Spokesperson Vaibhav Maheshwari acknowledged that the topic is missing from the Aam Aadmi Party’s overall public-facing election campaign as “we are focussing on issues that are of immediate concern to the people. I admit the issue of climate and pollution is missing … But once voted to power, we will ensure a better environment by framing, amending and implementing relevant policies with inputs of subject experts.”
The Samajwadi Party poll manifesto is similar. None of the 22 resolutions in the document focus specifically on climate change. It also bundles environmental conservation more broadly together with urban development.
Last year, Senior party leader and spokesperson Rajendra Chaudhary had told The Wire Science that party chief Akhilesh Yadav had studied as an environmental engineer and that “environment and better air quality will certainly be an issue … in the upcoming elections.” This time, he only said, “Our manifesto does speak about focusing on sensitising children about environment conservation as they will eventually champion the cause.”
The Rashtriya Lok Dal, a key ally of the Samajwadi Party, fares relatively better. Its manifesto discusses environmental issues and sustainability – but still falls short of specifying any climate-centric priorities. “Our focus is on checking industrial pollution, promoting afforestation, and offering an attractive electric-vehicle policy,” party convenor Anupam Mishra said. “All of this will help fight climate change.”
Only the Indian National Congress’s manifesto lists climate change as a priority issue. “How could we have turned a blind eye to such an important issue of public concern?” Party spokesperson Ashok Singh asked.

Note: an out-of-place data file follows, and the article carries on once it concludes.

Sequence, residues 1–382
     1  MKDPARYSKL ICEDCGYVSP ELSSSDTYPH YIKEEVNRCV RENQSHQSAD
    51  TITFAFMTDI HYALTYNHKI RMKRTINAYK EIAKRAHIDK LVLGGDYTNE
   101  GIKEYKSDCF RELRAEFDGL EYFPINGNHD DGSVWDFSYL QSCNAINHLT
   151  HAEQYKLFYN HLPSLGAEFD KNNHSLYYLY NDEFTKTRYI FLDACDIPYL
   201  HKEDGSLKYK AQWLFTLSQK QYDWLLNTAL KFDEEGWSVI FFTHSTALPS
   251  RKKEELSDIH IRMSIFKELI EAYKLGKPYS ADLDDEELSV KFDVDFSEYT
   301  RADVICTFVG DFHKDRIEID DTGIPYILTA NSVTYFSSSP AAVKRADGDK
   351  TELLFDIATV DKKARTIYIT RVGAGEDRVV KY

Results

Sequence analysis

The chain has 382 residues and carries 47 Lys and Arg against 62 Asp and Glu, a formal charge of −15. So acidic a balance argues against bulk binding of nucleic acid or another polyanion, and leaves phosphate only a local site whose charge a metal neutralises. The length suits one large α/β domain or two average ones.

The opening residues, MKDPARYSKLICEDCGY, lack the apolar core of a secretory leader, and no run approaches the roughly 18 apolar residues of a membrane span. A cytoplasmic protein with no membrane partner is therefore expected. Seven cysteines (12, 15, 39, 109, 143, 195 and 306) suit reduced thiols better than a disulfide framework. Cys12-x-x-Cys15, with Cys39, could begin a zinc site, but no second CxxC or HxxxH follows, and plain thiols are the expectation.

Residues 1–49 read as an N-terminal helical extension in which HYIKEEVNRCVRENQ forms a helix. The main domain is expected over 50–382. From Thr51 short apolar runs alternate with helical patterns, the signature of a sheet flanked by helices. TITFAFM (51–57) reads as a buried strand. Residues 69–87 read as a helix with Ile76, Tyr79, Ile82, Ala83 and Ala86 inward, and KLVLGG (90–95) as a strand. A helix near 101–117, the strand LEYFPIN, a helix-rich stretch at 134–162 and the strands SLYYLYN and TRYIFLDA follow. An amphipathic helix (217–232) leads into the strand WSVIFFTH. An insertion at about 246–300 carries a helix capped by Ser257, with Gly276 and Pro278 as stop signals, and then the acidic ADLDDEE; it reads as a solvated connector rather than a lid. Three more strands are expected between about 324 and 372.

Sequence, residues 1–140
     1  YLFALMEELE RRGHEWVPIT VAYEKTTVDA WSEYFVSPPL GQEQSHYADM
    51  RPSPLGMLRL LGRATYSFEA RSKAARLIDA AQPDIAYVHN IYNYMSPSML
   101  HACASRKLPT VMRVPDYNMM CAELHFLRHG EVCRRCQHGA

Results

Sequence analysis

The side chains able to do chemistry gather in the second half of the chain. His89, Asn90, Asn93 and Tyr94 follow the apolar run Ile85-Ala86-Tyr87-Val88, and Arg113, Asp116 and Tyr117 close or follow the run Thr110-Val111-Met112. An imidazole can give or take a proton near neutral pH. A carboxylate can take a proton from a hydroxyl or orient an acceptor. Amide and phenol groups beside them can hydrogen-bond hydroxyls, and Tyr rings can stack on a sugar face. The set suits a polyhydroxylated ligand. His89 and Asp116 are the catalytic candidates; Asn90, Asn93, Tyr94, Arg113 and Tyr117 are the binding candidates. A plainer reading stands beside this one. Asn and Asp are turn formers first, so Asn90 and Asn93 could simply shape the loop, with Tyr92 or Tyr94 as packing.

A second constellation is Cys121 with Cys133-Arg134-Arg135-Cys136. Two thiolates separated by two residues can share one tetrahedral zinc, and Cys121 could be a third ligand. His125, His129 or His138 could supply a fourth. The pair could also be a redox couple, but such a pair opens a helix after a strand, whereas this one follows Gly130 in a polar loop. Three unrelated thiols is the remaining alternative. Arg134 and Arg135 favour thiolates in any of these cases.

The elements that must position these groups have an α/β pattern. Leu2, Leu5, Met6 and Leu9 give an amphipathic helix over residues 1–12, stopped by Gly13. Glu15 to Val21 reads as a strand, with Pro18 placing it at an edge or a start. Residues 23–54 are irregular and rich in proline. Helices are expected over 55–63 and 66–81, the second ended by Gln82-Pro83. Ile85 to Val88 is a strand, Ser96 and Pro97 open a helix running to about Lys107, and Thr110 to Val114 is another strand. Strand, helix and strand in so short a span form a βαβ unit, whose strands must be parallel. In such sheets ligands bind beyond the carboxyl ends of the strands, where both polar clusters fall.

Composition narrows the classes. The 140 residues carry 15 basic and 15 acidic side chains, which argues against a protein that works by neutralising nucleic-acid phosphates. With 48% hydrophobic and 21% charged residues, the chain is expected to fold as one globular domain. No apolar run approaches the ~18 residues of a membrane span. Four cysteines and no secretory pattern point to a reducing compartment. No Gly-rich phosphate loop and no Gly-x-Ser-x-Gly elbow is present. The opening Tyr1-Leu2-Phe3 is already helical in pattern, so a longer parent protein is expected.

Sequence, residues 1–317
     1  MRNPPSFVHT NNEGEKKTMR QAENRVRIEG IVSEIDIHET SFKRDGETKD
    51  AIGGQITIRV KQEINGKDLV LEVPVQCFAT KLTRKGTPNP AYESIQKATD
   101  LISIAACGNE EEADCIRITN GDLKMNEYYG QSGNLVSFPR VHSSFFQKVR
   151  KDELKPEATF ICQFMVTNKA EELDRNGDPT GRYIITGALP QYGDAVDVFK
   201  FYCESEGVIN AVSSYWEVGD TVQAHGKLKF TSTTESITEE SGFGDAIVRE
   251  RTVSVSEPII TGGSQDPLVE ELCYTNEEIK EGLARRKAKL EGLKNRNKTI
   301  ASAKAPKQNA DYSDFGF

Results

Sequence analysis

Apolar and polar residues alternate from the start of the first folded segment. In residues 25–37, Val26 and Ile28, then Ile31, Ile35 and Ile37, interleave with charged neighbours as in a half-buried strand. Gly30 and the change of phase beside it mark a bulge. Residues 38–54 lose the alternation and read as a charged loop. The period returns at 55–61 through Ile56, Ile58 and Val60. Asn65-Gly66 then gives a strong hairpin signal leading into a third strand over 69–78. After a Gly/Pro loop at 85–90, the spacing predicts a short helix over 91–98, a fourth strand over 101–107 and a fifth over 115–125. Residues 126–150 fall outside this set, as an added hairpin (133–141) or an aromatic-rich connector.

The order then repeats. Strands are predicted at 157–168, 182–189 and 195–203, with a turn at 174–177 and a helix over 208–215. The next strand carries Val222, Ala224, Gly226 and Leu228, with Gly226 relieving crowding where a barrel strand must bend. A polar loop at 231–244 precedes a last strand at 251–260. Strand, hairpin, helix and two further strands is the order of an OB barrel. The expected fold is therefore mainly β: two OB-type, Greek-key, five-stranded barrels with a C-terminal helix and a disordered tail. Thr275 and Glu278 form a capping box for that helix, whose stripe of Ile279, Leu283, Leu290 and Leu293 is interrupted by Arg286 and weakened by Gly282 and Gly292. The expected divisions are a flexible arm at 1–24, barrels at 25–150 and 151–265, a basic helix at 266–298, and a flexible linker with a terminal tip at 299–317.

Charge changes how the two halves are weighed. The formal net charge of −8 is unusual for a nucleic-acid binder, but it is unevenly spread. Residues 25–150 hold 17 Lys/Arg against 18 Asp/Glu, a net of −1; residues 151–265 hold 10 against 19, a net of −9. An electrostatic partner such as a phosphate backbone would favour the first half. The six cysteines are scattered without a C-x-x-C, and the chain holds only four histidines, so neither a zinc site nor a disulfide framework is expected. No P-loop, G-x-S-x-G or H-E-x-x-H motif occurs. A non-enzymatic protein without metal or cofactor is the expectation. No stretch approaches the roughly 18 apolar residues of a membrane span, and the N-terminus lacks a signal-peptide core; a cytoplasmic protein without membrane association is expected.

The Bahujan Samaj Party has announced it will not issue any manifesto at all. This said, the party’s legislator from Azamgarh, Azad Arimardan, had called the state’s air quality “a matter of grave political concern” last year.
“It is largely religion that has been defining the political narrative of late,” V.K. Tandon, a retired academic, said. “But our children deserve a clean and green planet. Political prioritisation of climate change mitigation is an urgent need, but that’s missing in the Uttar Pradesh elections.”
Suresh Nautiyal, founder of India’s only ‘green’ political Party, the India Greens Party, said he was keen to field candidates in the state but couldn’t for want of funds. “It is regrettable that the environment and climate crisis – the most important things in today’s life – have been ignored by most of the political parties in their election manifestos,” he told The Wire Science.
“We, as voters and politicians, must talk about issues like the environment, the climate crisis, global warming, pollution, plastic, agriculture and soil moisture, GMOs, poverty, unemployment, population, illiteracy, women, marginalised people, minority communities,” he added. “But it’s religion that’s defining our politics.”
Nishant Saxena is a Lucknow-based science communications professional and a journalist with over 15 years of experience.